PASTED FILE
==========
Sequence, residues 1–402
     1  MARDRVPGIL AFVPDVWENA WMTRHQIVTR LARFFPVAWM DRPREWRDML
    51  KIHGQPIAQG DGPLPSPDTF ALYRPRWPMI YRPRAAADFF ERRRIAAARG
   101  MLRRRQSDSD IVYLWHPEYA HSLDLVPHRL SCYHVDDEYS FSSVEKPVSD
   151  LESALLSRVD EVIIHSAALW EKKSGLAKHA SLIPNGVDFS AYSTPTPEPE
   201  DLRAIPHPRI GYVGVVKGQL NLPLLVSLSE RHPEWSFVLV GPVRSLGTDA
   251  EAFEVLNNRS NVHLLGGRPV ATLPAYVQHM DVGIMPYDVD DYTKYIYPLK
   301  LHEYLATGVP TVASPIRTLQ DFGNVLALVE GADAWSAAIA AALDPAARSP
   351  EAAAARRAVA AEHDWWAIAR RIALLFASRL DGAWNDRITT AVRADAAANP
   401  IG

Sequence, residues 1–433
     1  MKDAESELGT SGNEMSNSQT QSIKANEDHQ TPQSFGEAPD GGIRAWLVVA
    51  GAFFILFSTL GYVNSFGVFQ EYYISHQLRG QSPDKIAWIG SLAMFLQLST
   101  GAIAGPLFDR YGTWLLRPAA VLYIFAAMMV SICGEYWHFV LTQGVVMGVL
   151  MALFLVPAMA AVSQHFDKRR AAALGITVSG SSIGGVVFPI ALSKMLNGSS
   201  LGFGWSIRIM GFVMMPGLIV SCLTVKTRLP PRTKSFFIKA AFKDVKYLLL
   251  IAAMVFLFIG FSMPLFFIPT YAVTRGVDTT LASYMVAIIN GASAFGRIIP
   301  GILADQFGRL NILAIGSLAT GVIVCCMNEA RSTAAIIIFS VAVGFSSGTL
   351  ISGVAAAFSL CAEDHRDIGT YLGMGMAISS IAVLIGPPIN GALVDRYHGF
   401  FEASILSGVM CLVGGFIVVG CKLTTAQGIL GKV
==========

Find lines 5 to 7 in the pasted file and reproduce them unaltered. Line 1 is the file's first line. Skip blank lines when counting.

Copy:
   151  LESALLSRVD EVIIHSAALW EKKSGLAKHA SLIPNGVDFS AYSTPTPEPE
   201  DLRAIPHPRI GYVGVVKGQL NLPLLVSLSE RHPEWSFVLV GPVRSLGTDA
   251  EAFEVLNNRS NVHLLGGRPV ATLPAYVQHM DVGIMPYDVD DYTKYIYPLK